Carrick, those new Hun scouts are a handful. Going up against them in those old Aircos has to be frightening. Hope Keith gets assigned a comely nurse - again.
Raine, I wonder what Alex has up her stylish, feminine sleeve. Fingers crossed James can make it back across the Channel, would hate to see him flying a desk for the rest of the conflict.
Fullofit, what use does Toby have for one of those flashy new N17s, he continues to do just fine with his trusty Strutter. Now then, it seems to me that Chesty should be spending a little less time chasing the Huns and a little more time drinking, the man is practically a teetotaller from the sounds of it.
MFair, hope to see some reports of Drogo in his new D.II very soon.
21 September 1916 Fienvillers, France
Captain Swanson, Lieutenant Chatwick, and the other two crews of A Flight had their hands full today and are now back at camp, and quite glad of it. The dud weather began lifting last night and by shortly after morning tea 70 Squadron was able to get back into the air and do their work. The first sortie that Swany led was uneventful, a recce of the front around Flers and Corcelette. The situation on the ground looked to be stalled with the new British lines but a few hundred yards farther east from where they had been before the carnage began on the 15th. How many thousands of men died claiming that sliver of real estate, Swany wondered.
The second outing, which began mid-afternoon, was a contact patrol from Bapaume down to Péronne and back. Things were quiet until the Strutters made their swing at the southern end of the route, that's when all hell broke loose. Five of the sleek new Hun biplanes, (which, it had been learned, are designated "Albatros"), descended on the three Sopwiths, and they meant business. Unlike the green pilot Swanson had sent down in one of the new kites on the 15th, these fellows knew what they were doing and how to make the best use of their mounts. It was a twisting, swirling mess as the King's airmen did their dam'dest to fight off the Kaiser's superior numbers. The air Huns were working together as a real unit and it was lucky that the men of A Flight were more than capable of doing the same. Each time an Albatros would flash across Swany's gun sight he'd let loose a volley, and Lt. Chatwick did an excellent job of swatting the Boche away from their six. The Strutters hung together offering each other cover as long as they could, but as it is with so many dogfights things eventually devolved into an every-man-for-himself situation. Fortunately, by that time two of the Huns had been driven off which left it a three-on-three fight. As the Albatros and Strutter pairs came together for the finale Swany noticed that he and his dance partner were getting rather close to No Man's Land. Bullets began zipping around both planes as troops on each side fired up at them from the trenches below. Amid this distraction Captain Swanson managed at last to get a good, sound burst from the Vickers to land on his target's vitals and watched as the Hun pilot suddenly lurched in the cockpit. Immediately thereafter the Albatros fell and crashed into the mud right in the middle of a barrage that was in progress. Swany, not wishing to linger in the hostile skies he and Chatwick currently occupied, swung the Strutter to the west and made for the friendly side, no sooner crossing over when the Clerget began to sputter. Moments later it conked out - Damm, no fuel! One of the rounds sent up from the trenches had holed the tank. The Captain aimed for an open field just beyond the craters and settled down gently next to a small road. As Swanson and Chatwick climbed out of their bus they could see the barrage continuing to bang away, and could also see the column of black smoke rising up from the remains of their attacker. A squad of French soldats of the 1st Corps were nearby and came to offer their assistance. Swany asked if they would help push the Strutter into the trees next to the road to keep it out of sight while he went to phone his squadron. A Sous Lieutenant Melltineau informed the Captain that the French airfield near Chipilly was only about three miles away and he was sure they would be able to send a truck. Two hours later a crew from Chipilly had indeed been sent and were able to make the repairs on the spot. Swanson and Chatwick waved goodbye to their helpful allies as the Strutter lifted off from the road and into a fading fall sky. Upon returning to Fienvillers Swany was relived to learn that his other two teams had made it back home, relatively intact, and with one claim submitted between them. The Captain and his G/O turned in their claim, but with all the ground fire that had been spewing up at them he was fairly certain the French troops west of Péronne had already marked the fallen Albatros as their doing. Swany didn't care much either way, it was one less Hun and that's all that really mattered to him.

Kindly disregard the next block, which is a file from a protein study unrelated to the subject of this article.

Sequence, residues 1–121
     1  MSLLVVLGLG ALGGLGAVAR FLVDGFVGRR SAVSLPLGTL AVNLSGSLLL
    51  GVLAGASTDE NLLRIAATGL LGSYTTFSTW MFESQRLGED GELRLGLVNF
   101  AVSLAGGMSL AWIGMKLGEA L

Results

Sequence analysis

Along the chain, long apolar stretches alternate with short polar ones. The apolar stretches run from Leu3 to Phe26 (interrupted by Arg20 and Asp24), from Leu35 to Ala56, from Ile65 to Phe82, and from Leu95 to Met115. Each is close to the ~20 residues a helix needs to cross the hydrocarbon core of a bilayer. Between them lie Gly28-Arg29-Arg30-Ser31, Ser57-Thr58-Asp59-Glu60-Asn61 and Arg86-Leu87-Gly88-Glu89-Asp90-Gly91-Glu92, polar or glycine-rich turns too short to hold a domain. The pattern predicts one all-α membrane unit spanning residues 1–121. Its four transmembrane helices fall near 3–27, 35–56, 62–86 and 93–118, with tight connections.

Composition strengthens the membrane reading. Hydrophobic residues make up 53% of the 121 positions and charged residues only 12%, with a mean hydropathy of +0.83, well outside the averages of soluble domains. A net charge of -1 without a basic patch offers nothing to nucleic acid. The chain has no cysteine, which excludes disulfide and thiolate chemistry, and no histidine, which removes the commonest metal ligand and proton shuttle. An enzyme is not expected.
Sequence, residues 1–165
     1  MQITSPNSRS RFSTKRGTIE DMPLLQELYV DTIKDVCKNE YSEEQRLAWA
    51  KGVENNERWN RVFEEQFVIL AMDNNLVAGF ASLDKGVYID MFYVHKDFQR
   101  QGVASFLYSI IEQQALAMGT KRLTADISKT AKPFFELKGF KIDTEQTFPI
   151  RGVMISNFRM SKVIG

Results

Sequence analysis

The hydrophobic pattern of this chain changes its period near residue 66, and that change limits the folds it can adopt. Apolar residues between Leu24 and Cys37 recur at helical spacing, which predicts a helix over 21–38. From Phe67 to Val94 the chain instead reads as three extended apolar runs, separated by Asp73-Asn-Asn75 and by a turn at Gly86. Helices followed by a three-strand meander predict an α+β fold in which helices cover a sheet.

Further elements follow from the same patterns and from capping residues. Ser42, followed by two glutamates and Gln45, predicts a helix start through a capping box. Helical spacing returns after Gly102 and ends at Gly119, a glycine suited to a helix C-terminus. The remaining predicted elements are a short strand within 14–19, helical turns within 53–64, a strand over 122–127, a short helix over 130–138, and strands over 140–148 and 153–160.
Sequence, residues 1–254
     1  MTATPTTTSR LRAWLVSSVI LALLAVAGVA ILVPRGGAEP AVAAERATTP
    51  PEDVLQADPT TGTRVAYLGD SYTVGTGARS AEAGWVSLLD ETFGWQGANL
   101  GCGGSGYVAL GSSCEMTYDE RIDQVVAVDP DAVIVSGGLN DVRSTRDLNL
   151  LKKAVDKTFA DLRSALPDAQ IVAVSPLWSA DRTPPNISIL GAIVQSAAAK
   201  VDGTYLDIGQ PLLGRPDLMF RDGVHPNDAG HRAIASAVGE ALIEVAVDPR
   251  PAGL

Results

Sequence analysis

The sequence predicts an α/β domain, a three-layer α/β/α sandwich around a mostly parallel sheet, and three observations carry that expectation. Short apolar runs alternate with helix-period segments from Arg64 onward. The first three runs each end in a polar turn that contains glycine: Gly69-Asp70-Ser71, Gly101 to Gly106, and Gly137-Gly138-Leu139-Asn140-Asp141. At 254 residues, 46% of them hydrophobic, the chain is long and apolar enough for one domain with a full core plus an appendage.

The flights of 70 Squadron heading out on the afternoon patrols.
A Flight pounced on by five of the Hun's new Albatros scouts.
Captain Swanson making the most of every firing opportunity offered him.
Getting away from the lines PDQ, the smoldering remains of an Albatros amid the barrage below.
Back on the friendly side, sans fuel but otherwise safe and relatively sound.